[Air-L] CFP: NeMLA Panel on Children's Periodicals--Digital and Otherwise

Patrick Cox ptcox at camden.rutgers.edu
Wed Jun 8 16:46:10 PDT 2011

Panel: “Fun With a Purpose”: Periodical Pedagogy and Early Edutainment

43nd Annual Convention, Northeast Modern Language Association (NeMLA)

March 15-18, 2012

Rochester, New York – Hyatt Rochester

Host Institution:  St. John Fisher College

Panel Description:

Children’s periodicals published in the US over the last 300 years provide a
wealth of textual and visual insight into US culture, pedagogy, and
conceptions of childhood. The movement of traditional paper magazines to
websites, and the appearance of periodicals with entirely digital
existences, both enrich and complicate this genre.

This panel will engage with this under-examined body of texts in their most
salient mode: as pedagogy. Children’s magazines have been used as
instructional tools with subject matter spanning literacy, manners,
morality, crafts, citizenship, “mental hygiene,” and beyond, transmitting
enduring lessons in an ephemeral format. By packaging their lessons in an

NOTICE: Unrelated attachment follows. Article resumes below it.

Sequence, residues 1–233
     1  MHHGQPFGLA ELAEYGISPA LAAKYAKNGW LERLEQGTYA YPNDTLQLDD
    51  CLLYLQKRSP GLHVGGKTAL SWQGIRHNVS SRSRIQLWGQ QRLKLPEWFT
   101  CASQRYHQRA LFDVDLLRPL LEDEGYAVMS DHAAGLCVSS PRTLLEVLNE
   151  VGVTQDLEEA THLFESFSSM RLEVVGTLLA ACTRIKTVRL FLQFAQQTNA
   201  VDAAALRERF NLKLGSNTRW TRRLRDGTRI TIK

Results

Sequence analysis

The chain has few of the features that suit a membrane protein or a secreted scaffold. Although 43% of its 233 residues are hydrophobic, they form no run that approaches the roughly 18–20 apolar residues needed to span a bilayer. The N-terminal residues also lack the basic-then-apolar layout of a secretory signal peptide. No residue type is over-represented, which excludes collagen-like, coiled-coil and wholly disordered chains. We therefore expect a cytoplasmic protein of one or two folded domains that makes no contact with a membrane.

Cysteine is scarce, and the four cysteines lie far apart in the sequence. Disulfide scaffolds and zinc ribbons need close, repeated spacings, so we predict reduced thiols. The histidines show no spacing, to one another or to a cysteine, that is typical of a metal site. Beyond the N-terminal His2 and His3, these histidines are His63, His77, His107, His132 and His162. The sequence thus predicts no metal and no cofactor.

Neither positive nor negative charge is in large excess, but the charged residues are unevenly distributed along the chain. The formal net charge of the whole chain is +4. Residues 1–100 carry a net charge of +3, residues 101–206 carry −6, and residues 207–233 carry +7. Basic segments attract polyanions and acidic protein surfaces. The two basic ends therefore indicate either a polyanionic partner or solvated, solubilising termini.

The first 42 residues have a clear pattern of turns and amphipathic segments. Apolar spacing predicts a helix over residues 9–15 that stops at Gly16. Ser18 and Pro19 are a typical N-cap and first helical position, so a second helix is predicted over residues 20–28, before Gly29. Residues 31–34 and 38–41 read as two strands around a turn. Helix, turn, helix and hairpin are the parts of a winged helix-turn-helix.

entertaining and disposable blend of fiction, non-fiction, images,
activities, games, jokes, and riddles, these magazines can be considered a
print medium precursor to “edutainment” or, as the motto of *Highlights for
Children* calls it, “Fun with a purpose.” This panel is open to explorations
of particular mechanisms, contents, and contexts of periodical pedagogy past
and present, including examinations of child-readers’ participation in,
subversion against, or re-creation of, that pedagogy.

Possible topics from all disciplines may include:

   - histories or analysis of particular children’s periodicals
   - pedagogies in periodicals (ideological, curricular, religious, etc.)
   - convergences of traditional magazines and digital media
   - pedagogy, periodicals, and power
   - magazines produced by children
   - fiction and poetry in magazines
   - use of periodicals in classrooms
   - transnational periodicals
   - accidental pedagogy
   - production, distribution, and circulation of pedagogy
   - cross-cultural comparisons of periodical pedagogy
   - marginalia and ephemera
   - pedagogy in the home (or doctor’s office waiting room)
   - periodical pedagogy as pop culture
   - children’s responses to and uses of magazines

Please send 500-word abstracts to Patrick Cox at ptcox at camden.rutgers.edu by
Sept 30. Thanks.

Patrick Cox
PhD Student
2010-2011 David K. Sengstack Fellow
Department of Childhood Studies, Rutgers University
2010 ChLA Hannah Beiter Graduate Student Research Award Recipient

"In the depths of winter I finally learned there was in me an invincible
--Albert Camus

"Don't let your studies interfere with your education."
--Colonel Henry Rutgers

"the jUdges of nOrmalitY are present everywhere."
--Foucault, of course

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